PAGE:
• 2018: After an impressive run in 2017, BCH received its fair share of the bear trend that ravaged the crypto market, crashing about 94% from $2,359.30 on January 1, 2018, to $148.66 on December 31, 2018. A part of this crash can also be traced to the suspension of BCH on Coinbase due to rumours of insider trading.
  • 2019: Bitcoin Cash maintained a stable price movement and saw a little price rise. Like most top ten cryptocurrencies in 2019, BCH had a quiet year progressing quietly.
  • 2020: The odds seemed to be in the favour of Bitcoin Cash as it was rising steadily, reaching a 12 month high of about $500 in February, until the pandemic happened. The global economy was shaken by the impact of the COVID-19 pandemic as the price of BCH crashed to about $149. It later recovered slightly with the entire crypto market, ending the year at around $340.
  • 2021: In the second quarter of 2021, BCH soared in prices, along with other cryptocurrencies, reaching a two-year high of $1,635.15. However, the crypto market crash of May affected its bull run. BCH recovered between September and October but couldn't push further as it ended the year at $430.94.

What is the market capitalisation of Bitcoin Cash?

As of January 13, 2022, Bitcoin Cash has a market capitalisation of $7,345,521,789.73, making it the 27th largest cryptocurrency in the world.

Where can I view Bitcoin Cash transactions?

One of the exciting features Bitcoin Cash inherited from Bitcoin is its transparency. Anyone can access the complete records of Bitcoin Cash transactions since its inception using a Blockchain explorer.

It's possible for anyone to verify the transactions on the network without revealing the identity of users. You can track transactions in the network through the transaction ID or via a Bitcoin Cash wallet's public address.

Bitcoin Cash Trading Guide

This section provides a step-by-step guide to trading and investing in Bitcoin Cash (BCH).

How to trade Bitcoin Cash

Considering the volatility of cryptocurrencies, Bitcoin Cash offers several trading opportunities. Bitcoin Cash is available for trading on crypto exchanges and online brokerages like Axi, where you can trade crypto CFDs.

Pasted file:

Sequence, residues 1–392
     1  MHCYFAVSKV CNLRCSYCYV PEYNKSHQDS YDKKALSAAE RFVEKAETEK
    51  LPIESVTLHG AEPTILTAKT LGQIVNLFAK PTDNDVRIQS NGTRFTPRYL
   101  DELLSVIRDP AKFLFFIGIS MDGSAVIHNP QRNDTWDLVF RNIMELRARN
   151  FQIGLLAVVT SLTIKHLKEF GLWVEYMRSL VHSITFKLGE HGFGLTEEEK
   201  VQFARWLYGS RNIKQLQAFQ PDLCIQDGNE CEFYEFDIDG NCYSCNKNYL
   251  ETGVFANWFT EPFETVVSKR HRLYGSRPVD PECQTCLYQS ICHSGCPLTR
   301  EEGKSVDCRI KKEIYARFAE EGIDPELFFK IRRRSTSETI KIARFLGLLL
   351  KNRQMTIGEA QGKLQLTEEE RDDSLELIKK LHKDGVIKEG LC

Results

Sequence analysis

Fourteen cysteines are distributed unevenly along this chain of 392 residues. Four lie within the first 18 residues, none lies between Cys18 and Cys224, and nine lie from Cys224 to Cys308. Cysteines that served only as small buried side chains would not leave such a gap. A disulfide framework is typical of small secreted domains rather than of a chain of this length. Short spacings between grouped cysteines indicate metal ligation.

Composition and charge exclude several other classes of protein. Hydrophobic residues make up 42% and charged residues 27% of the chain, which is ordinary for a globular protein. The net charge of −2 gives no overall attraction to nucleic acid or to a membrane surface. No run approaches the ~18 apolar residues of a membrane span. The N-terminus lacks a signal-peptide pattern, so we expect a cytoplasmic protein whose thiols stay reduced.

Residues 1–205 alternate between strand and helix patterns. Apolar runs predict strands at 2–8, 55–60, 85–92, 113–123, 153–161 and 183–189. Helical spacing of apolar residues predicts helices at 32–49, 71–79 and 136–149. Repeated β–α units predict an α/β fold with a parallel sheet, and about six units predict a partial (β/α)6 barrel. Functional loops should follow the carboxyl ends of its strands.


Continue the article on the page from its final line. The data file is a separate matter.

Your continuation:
You can trade Bitcoin Cash with the following steps:

  • Conduct in-depth research on Bitcoin Cash.
  • Choose a trading strategy while paying attention to risk management.
  • Choose a crypto exchange or online broker to trade Bitcoin Cash.
  • Open an account and make a deposit using fiat currency or cryptocurrency.
  • Execute your trading strategy.
  • Monitor your trades to optimise your strategy.

Learn more about how to trade cryptocurrency CFDs.

How to buy Bitcoin Cash

To buy Bitcoin Cash you will need to have an account with a crypto exchange, a Bitcoin Cash wallet, and fiat currency to use for your purchase. Below are some simple steps to buy BCH.

  • Register with a crypto exchange. 
  • Deposit your fiat currency to the exchange.
  • Create an order for the amount of BCH you intend to purchase.
  • Once your order is filled, you'll receive the BCH in your exchange wallet.
  • To gain full control over your BCH, transfer it to a personal wallet where you hold the private keys.

How to invest in Bitcoin Cash

Bitcoin Cash serves more as a payment currency, but its architecture also presents investment opportunities. You can invest in Bitcoin Cash by simply following the steps above to buy the currency and then securely storing it - ideally by transferring it to an offline cold wallet for greater security.

How to store Bitcoin Cash

Cryptocurrencies, like Bitcoin Cash, are stored in a digital wallet. Bitcoin Cash wallets include hardware wallets, software wallets, paper wallets, mobile wallets, and wallets offered by cryptocurrency exchanges. Your wallet choice is dependent on your purpose for purchasing Bitcoin Cash.